Why bid-ask spread matters

Bavadharini KS | Updated on January 09, 2021

A trade in a stock market, buying or selling of a security, is executed based on the dynamics of demand and supply. The gap or the difference between the highest bid price and lowest ask price defines the spread. It is called as Bid and Ask spread. Bid price is the price at which a buyer is ready to buy and ask price is the price at which a seller is ready to sell. When the two points meet, a trade happens.

When bid and ask prices are close, then the spread is small. For instance, the bid price of L&T’s 1400-strike call option (expiring January 28, 2020) is ₹32.40, while the ask price is ₹32.50. A small spread exists when an index or stock is being actively traded and has a high volume.

On the other hand, when the difference in bid and ask prices are wide, then the spread is said to be large. Consider the case of gold put options contract (expiring January 27, 2020) on MCX (strike price ₹48,000). The bid price is ₹466.5 while the ask price is ₹475. This indicates that this contract is not being actively traded and it has low volume. In other words, the number of contracts being traded is fewer than usual.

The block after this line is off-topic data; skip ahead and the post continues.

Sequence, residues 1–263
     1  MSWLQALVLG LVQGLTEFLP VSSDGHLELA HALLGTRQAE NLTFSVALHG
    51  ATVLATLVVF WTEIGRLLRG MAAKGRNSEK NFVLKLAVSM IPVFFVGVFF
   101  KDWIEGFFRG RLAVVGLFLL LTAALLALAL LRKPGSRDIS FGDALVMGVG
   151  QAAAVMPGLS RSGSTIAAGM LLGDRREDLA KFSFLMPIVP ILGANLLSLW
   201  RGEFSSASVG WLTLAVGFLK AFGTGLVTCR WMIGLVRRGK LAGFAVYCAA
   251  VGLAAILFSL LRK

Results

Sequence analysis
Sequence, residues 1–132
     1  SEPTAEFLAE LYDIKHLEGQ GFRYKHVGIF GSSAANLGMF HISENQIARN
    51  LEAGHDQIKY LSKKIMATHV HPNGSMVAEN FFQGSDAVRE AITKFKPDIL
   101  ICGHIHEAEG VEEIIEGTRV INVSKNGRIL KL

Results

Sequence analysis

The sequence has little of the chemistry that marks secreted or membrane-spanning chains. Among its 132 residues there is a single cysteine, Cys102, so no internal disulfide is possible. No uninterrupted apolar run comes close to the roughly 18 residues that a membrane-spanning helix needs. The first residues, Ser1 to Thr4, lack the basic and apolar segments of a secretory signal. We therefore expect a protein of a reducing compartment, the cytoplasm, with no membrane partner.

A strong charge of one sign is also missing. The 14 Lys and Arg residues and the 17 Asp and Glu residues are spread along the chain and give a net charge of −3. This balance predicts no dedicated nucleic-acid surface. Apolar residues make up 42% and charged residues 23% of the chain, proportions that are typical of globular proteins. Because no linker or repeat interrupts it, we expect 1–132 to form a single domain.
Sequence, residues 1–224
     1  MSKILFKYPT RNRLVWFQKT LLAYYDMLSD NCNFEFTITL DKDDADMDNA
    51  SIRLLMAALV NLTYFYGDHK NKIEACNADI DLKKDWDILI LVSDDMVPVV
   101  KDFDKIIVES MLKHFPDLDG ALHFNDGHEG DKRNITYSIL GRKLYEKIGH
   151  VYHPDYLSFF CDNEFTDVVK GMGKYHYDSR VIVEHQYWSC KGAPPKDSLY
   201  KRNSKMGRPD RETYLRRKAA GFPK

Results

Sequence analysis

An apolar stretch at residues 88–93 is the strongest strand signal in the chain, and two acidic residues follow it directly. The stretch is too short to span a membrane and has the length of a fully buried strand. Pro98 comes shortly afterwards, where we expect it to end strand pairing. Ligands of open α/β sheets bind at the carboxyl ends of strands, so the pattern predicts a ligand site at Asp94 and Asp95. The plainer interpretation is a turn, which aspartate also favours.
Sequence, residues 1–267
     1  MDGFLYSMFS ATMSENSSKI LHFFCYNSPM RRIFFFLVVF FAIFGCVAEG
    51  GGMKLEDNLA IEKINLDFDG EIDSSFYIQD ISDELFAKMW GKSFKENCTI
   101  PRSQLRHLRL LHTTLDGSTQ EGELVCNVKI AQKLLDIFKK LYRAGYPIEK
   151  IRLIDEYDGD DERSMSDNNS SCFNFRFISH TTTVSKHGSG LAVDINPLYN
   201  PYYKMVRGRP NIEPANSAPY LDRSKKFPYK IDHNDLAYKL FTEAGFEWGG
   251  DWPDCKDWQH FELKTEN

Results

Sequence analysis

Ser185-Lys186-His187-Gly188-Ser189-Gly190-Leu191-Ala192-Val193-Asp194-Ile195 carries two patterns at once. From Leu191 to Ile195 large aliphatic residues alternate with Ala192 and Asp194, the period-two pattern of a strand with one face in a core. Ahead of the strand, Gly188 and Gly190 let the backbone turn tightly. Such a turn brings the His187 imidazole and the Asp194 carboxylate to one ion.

While the bid-ask spread have little predictive value in terms of price movement, it still plays an important role and retail investors/traders should care to take note of the same. The spread is an indication of not only liquidity of the security but also the accessibility to buy or sell. So, for a trader or an investor, the smaller the spread of a security, the better it is.

Published on January 09, 2021

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